The Role of the IV Nurse
The Role of the IV Nurse
The presence of an IV therapy team elevates the standard of infusion care in a facility by reducing infection risks and improving patient comfort
Parenteral fluid administration has been an essential component of the care of hospitalized patients since 1940, when Massachusetts General Hospital designated one nurse to be its first intravenous (IV) nurse specialist. As developments in parenteral therapy have progressed, the role of the IV nurse has similarly expanded. By the 1970s, IV nurses were performing functions that previously were done by medical staff alone, such as neonatal care, anti-neoplastic therapy and intra-arterial therapy. The National Intravenous Therapy Association Inc., later to become the Intravenous Nurses Society (INS), was established in 1973 to support and educate professional IV nurses in this growing clinical practice area.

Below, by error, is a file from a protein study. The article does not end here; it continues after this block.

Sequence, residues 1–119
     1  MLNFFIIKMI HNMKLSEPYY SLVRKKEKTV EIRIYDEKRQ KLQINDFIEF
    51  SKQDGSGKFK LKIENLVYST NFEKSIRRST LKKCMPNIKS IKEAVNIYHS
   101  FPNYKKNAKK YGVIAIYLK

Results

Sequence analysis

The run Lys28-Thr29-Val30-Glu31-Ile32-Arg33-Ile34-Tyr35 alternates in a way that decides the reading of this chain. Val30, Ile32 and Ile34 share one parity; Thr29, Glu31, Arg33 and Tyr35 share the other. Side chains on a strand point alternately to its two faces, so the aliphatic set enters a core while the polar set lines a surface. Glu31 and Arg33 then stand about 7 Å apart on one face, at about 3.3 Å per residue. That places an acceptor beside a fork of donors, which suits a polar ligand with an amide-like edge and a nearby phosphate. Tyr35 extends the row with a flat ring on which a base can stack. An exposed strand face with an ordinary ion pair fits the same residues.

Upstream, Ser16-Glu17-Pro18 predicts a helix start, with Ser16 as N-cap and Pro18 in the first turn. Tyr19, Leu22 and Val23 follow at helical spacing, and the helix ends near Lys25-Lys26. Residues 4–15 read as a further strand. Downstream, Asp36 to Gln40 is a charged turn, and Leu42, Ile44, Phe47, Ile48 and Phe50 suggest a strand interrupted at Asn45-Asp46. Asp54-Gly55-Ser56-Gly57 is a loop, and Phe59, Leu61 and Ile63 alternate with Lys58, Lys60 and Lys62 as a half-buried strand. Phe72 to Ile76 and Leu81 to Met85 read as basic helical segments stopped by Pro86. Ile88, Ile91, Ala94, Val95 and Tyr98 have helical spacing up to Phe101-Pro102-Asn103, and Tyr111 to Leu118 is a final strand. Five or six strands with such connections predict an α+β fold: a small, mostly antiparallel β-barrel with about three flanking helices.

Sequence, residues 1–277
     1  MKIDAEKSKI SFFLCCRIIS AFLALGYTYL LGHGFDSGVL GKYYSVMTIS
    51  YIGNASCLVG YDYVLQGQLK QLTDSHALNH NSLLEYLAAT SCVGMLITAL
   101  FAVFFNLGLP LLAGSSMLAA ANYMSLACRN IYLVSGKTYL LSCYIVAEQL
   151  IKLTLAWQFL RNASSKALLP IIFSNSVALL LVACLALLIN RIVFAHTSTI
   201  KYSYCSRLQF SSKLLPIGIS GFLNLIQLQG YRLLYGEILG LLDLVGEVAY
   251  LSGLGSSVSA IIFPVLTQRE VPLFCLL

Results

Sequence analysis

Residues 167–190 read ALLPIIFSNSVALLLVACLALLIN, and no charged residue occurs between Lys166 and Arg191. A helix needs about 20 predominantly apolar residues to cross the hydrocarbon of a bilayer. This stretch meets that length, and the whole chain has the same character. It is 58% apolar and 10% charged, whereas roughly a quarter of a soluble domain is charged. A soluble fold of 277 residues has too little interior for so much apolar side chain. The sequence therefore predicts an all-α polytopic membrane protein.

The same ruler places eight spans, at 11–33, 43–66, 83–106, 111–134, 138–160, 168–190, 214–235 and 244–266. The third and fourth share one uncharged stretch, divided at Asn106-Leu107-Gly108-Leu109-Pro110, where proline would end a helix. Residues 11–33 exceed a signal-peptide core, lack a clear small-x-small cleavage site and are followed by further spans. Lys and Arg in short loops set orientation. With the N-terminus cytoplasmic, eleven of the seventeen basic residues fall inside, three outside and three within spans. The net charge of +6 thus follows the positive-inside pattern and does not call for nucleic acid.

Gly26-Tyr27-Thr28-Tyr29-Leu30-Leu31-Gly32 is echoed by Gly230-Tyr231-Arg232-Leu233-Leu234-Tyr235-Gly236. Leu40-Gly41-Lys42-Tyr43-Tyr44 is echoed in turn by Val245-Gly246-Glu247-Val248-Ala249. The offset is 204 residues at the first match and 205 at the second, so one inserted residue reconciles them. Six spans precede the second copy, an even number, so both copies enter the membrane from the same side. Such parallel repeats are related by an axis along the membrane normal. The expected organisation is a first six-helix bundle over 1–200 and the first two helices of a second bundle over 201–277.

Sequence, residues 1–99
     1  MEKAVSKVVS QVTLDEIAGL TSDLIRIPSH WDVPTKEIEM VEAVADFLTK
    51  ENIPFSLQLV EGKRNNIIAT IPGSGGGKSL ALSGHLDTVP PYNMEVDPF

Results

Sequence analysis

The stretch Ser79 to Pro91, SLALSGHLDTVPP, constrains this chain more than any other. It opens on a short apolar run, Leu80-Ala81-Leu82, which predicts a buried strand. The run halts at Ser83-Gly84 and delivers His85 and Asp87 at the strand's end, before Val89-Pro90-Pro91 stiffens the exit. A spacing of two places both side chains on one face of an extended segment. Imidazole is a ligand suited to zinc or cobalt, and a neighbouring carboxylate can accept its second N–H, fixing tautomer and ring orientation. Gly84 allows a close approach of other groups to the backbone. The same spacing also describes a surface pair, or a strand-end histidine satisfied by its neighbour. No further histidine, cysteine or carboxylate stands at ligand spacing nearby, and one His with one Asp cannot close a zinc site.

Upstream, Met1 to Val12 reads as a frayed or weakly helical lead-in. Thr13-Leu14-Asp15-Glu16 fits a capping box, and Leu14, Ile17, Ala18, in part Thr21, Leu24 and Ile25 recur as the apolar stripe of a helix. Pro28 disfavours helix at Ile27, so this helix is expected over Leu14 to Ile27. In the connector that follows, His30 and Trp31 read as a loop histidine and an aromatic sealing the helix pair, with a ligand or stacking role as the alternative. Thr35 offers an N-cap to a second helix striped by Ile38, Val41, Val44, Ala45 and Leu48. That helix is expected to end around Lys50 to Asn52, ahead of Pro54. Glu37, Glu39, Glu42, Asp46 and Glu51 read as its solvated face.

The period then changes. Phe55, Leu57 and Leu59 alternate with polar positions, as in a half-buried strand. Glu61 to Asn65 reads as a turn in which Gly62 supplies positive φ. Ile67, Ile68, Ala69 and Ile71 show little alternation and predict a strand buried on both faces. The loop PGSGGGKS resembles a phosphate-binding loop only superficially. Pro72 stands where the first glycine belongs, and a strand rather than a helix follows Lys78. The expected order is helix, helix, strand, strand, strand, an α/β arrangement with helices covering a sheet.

Today, more than 90 percent of hospitalized patients receive some form of IV therapy. When they leave the hospital they may not remember such things as the room they were in or the name of the test performed. Most, however, recall their needlesticks. A proficient IV nurse minimizes the anxiety and pain associated with this experience.
Many hospitals have IV therapy teams composed of specialized nurses who maintain their infusion therapy. IV therapy team functions include placement of vascular access devices (VADs), maintenance of VADs, administration of parenteral fluids and support of nursing service personnel. These functions vary from hospital to hospital and state to state, depending on state nurse practice acts, but all share common practice components.